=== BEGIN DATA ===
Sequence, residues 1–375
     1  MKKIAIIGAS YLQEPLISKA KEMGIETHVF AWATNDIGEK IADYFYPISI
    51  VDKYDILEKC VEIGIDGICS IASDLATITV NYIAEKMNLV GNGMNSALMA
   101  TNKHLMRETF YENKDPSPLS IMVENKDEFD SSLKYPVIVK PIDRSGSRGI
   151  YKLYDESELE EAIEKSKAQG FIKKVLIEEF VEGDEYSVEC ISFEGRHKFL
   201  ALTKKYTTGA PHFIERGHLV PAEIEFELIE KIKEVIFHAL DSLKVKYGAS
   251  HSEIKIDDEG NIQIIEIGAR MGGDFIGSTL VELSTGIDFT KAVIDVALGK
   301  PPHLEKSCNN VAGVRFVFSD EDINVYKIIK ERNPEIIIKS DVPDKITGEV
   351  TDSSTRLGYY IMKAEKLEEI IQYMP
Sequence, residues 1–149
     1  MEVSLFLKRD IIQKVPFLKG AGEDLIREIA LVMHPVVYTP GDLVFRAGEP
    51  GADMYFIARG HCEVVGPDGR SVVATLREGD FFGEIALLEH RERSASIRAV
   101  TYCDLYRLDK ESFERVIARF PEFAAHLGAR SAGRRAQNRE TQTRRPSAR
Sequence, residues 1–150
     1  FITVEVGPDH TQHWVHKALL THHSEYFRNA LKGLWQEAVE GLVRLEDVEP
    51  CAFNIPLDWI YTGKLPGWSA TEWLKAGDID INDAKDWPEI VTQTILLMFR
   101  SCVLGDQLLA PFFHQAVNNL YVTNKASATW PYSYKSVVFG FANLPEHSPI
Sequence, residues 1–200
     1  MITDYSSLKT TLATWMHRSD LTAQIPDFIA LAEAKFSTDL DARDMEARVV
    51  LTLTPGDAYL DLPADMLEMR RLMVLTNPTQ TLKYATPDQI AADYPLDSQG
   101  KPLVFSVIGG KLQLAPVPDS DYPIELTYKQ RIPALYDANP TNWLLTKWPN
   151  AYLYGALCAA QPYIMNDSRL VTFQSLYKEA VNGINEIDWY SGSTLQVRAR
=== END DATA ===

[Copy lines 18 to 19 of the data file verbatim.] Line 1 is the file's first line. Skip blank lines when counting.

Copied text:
Sequence, residues 1–200
     1  MITDYSSLKT TLATWMHRSD LTAQIPDFIA LAEAKFSTDL DARDMEARVV